she says she likes socialising, which may be a downfall as she may need to come in any day of the week. Miss Hill has no previous experience. From the CV her GCSE grades are not excellent, however, she has passed English and maths, and has computer skills. I am not sure how well she can communicate with people of different ages, as I have no evidence that she can. However, as she is young she may find it easier to communicate with the student, but she must be able to communicate effectively with the adults as well. She also has a young child, so she may know how to get on with the younger generation in the school Miss Hill has a young child, which could mean that she will need time off work to look after it. She states that her mum could look after the child at the weekends if necessary, however, her mum may not be available in the week if the child is unable to go to playgroup. So it may cause difficulties in the future, as she may have difficulties finding someone to look after the child or she may have to take days off. P4-Contract of employment Once a business has selected an employee, the successful candidates must be appointed. Once appointed. Employees are entitled to a Contract of Employment. This is an agreement between the employer and the employee under which each has certain obligations. It is binding to both parties in the agreement, the employer and the employee. This means that it is unlawful to break the terms and conditions in the contract without the other party agreeing. As soon as an employee starts work, and therefore demonstrates that she accepts the terms offered by the employer, the contract comes into existence. It is sometimes a written contract, although a verbal agreement or implied agreements are also contracts of employment. ...read more.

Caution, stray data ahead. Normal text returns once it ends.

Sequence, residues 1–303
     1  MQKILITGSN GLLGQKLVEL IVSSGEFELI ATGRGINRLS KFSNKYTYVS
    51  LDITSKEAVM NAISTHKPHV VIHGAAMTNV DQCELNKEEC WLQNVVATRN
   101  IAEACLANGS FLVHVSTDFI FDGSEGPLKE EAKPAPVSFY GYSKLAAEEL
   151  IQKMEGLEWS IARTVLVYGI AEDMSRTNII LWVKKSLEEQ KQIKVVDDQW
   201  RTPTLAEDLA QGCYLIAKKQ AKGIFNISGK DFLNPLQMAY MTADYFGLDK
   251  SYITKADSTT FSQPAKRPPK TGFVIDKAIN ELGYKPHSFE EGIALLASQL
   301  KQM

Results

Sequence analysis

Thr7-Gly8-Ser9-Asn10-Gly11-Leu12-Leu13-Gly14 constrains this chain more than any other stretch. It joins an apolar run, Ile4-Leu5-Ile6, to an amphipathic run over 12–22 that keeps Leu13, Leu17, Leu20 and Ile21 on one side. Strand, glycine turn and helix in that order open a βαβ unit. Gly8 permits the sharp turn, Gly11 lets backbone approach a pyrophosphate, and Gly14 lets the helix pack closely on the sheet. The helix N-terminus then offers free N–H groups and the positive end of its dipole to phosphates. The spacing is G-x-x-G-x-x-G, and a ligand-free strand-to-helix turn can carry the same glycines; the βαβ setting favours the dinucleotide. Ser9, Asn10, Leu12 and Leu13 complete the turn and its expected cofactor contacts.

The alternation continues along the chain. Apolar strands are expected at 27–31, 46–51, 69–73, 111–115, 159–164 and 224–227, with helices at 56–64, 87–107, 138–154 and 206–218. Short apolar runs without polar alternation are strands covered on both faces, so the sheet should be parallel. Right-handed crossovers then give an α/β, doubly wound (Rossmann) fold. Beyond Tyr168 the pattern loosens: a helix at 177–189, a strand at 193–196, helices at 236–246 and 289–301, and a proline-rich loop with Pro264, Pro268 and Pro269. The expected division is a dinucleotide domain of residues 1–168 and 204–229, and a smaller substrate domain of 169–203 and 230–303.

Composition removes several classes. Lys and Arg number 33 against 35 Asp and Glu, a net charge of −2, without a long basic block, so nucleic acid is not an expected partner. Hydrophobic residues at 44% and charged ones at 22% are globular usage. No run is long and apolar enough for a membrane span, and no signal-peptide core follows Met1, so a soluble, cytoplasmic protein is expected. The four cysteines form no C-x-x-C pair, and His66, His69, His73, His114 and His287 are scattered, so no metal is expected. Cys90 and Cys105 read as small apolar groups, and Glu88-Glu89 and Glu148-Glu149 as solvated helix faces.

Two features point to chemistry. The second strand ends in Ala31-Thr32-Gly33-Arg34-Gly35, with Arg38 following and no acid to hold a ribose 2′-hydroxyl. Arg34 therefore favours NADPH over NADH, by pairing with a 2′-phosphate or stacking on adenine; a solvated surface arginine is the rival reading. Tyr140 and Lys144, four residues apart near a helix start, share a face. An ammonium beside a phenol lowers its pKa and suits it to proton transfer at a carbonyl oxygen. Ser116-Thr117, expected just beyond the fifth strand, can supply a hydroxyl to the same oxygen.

Conclusion

This growth largely reflects the advantages of Leicestershire as a central location for distribution Industrial sectors Leicestershire TEC area Leicestershire county Leicester city Rutland 1999 Employee estimates Number % Number % Number % Number % Agriculture & Fishing 3,100 0.8 2,700 1.2 0 0 400 3.5 Energy & Water 9,200 2.3 5,600 2.4 3,200 2.1 400 3.5 Manufacturing 102,600 26.0 64,300 28.1 36,300 23.8 2,000 17.4 Construction 14900 3.8 10,000 4.4 4,300 2.8 600 5.2 Distribution, Hotels & restaurants 83,000 21.1 51,100 22.3 29,200 19.1 2,700 23.5 Transport & communication 23,100 5.9 16,100 7.0 6,500 4.3 500 4.3 Banking, finance & Insurance, etc. 54,800 13.9 28,100 12.3 25,600 16.8 1,100 9.6 Public administration, Education & Health 85,900 21.8 41,900 18.3 40,600 26.6 3,400 39.6 Other services 16,600 4.2 9,300 4.1 6,900 4.5 400 3.5 Total employees 393,200 100.0 229,100 100.0 152,600 100.0 11,500 100.0 M5 - Analysing the recruitment documents I think I should have spaced out the application form a bit better and left more room for the forenames and surnames. On the application form I didn't put a space for sex, this should have been entered, as some people may see it as not giving equal opportunities. I think that it is of a good size, and the font is neither too small nor too large, however, if there had been more spaces left, then it may have been easier to read. There is not a final section asking for a supporting statement. This does not give the applicant opportunity to sell themselves. I should have put some spaces in the "Employment History" section for reason for leaving the job, and also how long they had been at their last job for. This would have given me some indication on how willing they are. Also if I had left space at the end of the form, there would have been space for the candidates to sell themselves, also giving me more information to base my questions on at the interview. There should have also been more space for them to fill in information about their education. ...read more.